Survey: More 'Born Again Christians' Now Than Ever

More American adults are "born again Christians" than ever before, according to a recent Barna study that has tracked the measure since 1983.

The Barna Group found in a sample of 1,003 adults that 45 percent are classified as "born again" based upon their beliefs which are measured by the research institute's criteria. Up from 31 percent in 1983 and the 36 to 43 percent range that was measured in the past quarter century, the current figure is the largest single-year increase since 1991-1992.

The research study attributed the increase to a 16-point rise among Baby Boomers since the beginning of the 1990s. While 48 percent from the preceding pair of generations and slightly more than one-third of the younger generations met the born again criteria, 53 percent of Baby Boomers met it.

Among people groups, women are 16 percent more likely than men to be born again, African Americans are the most likely among other ethnic groups to be born again with 59 percent, and residents in the South were most likely than residents in other regions to be born again with a measured 57 percent.

Meanwhile, notional Christians, which are people who describe themselves as Christian but do not meet the born again criteria, have declined from 46 percent in 1991 to 36 percent today.

Researcher George Barna concluded that this is a positive first step toward a deeper, more mature Christian faith.

"The same tracking survey shows us that people's faith is not at all deep, but at least more people are becoming attuned to the importance of the life, death, resurrection and message of Jesus Christ," said Barna. "The worst thing would be for millions of people to accept Christ as their savior and then live the remainder of their life as if nothing had changed other than their eternal destiny.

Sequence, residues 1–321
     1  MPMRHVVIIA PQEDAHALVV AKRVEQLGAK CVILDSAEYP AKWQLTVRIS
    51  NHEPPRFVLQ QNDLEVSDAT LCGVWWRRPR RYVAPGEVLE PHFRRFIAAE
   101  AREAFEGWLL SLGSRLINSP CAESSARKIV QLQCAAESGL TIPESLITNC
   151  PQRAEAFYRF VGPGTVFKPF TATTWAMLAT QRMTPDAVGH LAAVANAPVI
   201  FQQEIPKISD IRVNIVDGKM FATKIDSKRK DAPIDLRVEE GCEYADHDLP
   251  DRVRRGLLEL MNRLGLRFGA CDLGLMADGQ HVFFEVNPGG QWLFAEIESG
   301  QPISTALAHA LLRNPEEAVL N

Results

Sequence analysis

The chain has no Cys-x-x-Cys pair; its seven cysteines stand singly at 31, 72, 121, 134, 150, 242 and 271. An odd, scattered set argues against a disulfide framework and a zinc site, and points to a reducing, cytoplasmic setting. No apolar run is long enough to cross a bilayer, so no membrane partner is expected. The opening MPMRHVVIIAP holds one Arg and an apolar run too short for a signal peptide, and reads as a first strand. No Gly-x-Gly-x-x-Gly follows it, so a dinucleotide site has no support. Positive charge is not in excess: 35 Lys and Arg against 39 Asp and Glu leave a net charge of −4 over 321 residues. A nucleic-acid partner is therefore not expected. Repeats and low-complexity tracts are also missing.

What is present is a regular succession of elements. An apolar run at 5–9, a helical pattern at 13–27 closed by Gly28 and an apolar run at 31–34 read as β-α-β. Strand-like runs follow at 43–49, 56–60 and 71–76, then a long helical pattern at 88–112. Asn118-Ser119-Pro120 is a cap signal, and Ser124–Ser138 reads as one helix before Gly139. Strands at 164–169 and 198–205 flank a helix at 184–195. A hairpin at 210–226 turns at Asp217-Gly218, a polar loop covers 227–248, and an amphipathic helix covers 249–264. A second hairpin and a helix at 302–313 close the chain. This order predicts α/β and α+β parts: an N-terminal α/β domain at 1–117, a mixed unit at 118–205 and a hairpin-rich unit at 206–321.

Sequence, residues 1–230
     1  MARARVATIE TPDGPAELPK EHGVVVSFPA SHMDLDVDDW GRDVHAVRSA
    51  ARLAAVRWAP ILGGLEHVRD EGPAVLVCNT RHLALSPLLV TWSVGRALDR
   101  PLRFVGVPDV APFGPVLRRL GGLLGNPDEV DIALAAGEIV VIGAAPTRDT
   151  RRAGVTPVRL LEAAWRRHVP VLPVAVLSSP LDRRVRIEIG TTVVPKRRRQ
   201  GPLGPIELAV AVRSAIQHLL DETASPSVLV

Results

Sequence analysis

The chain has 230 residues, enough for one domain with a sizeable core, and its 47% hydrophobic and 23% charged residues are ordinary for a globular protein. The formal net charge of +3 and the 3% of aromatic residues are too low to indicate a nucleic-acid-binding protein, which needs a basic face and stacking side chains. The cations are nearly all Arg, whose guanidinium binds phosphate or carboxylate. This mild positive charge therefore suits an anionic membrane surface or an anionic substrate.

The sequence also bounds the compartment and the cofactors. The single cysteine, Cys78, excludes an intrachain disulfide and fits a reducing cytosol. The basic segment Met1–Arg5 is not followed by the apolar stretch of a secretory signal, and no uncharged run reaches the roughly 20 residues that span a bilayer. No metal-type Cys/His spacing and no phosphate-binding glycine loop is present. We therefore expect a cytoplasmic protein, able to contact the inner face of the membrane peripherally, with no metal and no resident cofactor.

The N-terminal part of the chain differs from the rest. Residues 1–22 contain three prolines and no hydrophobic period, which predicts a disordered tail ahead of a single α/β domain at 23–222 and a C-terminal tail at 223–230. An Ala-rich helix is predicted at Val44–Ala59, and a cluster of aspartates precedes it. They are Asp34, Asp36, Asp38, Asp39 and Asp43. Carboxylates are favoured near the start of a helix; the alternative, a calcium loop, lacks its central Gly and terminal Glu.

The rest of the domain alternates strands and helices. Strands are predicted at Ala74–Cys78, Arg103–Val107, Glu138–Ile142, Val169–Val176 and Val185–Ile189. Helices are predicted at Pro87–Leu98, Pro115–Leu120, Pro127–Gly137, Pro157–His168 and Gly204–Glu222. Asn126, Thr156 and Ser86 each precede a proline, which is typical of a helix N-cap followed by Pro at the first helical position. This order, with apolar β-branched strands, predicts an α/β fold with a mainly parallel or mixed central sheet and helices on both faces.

"The challenge to faith communities, at this point, is to help people realize that you cannot be a follower of Christ by taking the free gift of salvation and then continuing to pursue the same life trajectory as before making that decision,” he continued. “Embracing Christ as your savior is not the end of the story. It's the very beginning point of a transformed life that centers on constant worship of God, serving other people, investing personal resources in the values of God, deepening their relationship with God every day, and creating families that place God at the center of their shared experience.

"Faith is a progressive journey," Barna added, "so we are hopeful that the recent surge in the number of adults who say they have committed themselves to following Jesus Christ is the first in a series of steps toward maturity in their faith and relationship with Christ."

According to The Barna Group, "born again Christians" are defined as people who said they have made a personal commitment to Jesus Christ that is still important in their life today and who also indicated they believe that when they die they will go to Heaven because they had confessed their sins and had accepted Jesus Christ as their Savior.